West Johnston’s softball team came out swinging the bat against East Wake and never stopped on Wednesday night in a 4-2 Greater Neuse River 4A Conference game.
The Wildcats, who stayed in the thick of the conference race with a 9-2 record, jumped on top in the first inning on an RBI double by Megan Gibbons and finished with nine hits against the Warriors.
Gibbons, a senior shortstop, had three hits, including a pair of RBI doubles, and junior first baseman Blair Koonce also had three hits and two RBIs – the pair pacing the West Johnston offense.
“The main thing we talked about was that we need to swing the bat,” West Johnston coach Warren Singleton said.
“We have some folks that had not being doing well and came through tonight and that made a big difference.”
East Wake, which dropped to 8-4 in the conference and is solidly in fourth place behind Garner, West Johnston and Clayton, battled to tie the score at 2-2 in the third inning.
But the Warriors had just two hits against West Johnston’s Christina Gower, a senior right-hander who struck out seven.
West Johnston got a one-out single from Gibbons to get things going in the fifth and Rachel Willis singled to left field with two outs. Koonce followed with the Wildcats’ third hit of the inning, a single to left-center that drove in Willis for a 3-2 lead.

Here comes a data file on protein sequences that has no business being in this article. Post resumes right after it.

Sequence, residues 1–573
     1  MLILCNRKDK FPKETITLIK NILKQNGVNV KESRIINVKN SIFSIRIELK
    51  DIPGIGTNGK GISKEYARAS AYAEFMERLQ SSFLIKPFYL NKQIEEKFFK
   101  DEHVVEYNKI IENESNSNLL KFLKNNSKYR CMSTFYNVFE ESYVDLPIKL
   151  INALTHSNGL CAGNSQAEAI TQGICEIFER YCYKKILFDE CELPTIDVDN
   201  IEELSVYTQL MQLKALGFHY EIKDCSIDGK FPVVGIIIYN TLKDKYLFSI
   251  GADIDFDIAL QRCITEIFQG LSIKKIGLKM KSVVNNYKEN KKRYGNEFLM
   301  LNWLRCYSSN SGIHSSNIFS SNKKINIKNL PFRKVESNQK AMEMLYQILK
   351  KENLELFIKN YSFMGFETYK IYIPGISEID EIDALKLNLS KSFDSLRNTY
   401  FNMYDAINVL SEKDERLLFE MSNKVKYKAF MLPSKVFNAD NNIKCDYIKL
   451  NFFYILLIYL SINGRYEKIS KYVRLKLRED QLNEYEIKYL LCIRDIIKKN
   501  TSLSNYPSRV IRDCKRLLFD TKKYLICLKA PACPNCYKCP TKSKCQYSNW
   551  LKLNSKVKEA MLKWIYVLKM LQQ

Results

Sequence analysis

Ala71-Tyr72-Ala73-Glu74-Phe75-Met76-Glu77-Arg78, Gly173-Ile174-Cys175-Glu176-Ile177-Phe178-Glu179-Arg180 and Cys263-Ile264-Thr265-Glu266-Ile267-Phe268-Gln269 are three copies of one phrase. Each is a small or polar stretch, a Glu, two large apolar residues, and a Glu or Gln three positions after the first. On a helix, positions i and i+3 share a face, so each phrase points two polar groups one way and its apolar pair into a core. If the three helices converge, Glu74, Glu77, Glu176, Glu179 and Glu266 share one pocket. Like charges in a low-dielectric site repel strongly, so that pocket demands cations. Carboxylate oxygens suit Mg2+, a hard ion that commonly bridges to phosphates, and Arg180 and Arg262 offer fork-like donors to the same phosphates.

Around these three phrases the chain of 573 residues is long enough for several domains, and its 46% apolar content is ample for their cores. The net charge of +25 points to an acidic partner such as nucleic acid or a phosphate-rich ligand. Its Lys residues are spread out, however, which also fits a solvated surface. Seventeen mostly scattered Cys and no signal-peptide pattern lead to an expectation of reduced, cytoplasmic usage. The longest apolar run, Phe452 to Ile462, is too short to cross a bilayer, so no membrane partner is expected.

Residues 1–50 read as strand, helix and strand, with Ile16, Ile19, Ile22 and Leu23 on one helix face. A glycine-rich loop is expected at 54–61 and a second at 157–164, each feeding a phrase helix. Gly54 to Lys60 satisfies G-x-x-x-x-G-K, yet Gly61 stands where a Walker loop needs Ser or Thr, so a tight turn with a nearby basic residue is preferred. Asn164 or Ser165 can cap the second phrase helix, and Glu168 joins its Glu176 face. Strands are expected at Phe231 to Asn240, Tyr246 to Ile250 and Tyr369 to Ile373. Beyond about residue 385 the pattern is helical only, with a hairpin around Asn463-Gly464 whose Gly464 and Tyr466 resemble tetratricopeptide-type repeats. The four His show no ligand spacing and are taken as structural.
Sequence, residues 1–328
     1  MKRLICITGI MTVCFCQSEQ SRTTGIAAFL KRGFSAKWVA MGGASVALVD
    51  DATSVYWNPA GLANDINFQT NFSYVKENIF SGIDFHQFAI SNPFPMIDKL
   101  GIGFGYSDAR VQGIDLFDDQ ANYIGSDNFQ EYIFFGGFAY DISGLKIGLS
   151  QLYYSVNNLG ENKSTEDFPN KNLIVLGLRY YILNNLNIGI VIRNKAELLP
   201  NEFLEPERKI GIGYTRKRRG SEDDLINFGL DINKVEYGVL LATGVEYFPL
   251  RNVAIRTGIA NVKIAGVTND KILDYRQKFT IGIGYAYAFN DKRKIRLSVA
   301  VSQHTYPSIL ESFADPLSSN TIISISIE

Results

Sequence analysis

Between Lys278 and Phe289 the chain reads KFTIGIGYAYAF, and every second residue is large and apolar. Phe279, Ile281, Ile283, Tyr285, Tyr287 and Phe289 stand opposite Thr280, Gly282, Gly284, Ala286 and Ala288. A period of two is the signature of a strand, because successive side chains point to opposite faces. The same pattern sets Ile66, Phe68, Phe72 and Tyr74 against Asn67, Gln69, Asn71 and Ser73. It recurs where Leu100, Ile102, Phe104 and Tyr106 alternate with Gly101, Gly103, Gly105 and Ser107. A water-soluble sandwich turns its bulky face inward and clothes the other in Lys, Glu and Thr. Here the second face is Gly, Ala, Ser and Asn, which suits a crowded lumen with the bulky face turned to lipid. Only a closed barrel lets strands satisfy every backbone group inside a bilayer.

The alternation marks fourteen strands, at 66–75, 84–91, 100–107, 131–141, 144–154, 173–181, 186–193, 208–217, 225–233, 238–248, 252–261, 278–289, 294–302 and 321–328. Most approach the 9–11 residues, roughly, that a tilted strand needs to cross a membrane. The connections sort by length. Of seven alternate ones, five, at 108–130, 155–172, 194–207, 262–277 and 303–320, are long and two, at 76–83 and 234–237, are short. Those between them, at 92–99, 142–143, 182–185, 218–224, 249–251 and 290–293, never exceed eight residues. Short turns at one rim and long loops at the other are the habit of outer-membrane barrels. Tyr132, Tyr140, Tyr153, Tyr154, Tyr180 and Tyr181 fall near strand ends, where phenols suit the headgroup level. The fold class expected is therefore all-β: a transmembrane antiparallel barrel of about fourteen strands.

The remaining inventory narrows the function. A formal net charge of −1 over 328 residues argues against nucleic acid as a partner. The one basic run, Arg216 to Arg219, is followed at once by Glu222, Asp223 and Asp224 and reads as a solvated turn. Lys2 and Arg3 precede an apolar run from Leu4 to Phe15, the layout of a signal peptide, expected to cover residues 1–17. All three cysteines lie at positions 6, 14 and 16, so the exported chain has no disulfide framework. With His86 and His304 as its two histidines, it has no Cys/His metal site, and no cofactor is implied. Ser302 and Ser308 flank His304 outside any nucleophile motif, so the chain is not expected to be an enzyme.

“I really adjusted well to her pitching,” Koonce said of East Wake pitcher Lauren Miller. “I knew she was going to pitch me inside, so I just adjusted well and swung the bat.”
Koonce came up next and drove Willis in with a groundball to shortstop.
“She is a fighter,” Singleton said. “She wants it bad and she endured the pain. She is the person that calls the shots. She facilitates things, directs things and navigates for us on the field.
“She is a leader.”
For East Wake, the biggest number was a negative one. The Warriors made three errors, twice dropping pop-ups by Myers to lead off an inning. Each time, Myers would come around to score on doubles by Gibbons, giving the Wildcats a 1-0 lead when she scored in the first and a 2-0 advantage when she crossed the plate in the third.
“They made their own adjustments (at the plate),” Singleton said. “They kept their eye on the pitches and swung through it, had faith and believed that they could hit. That made the difference.”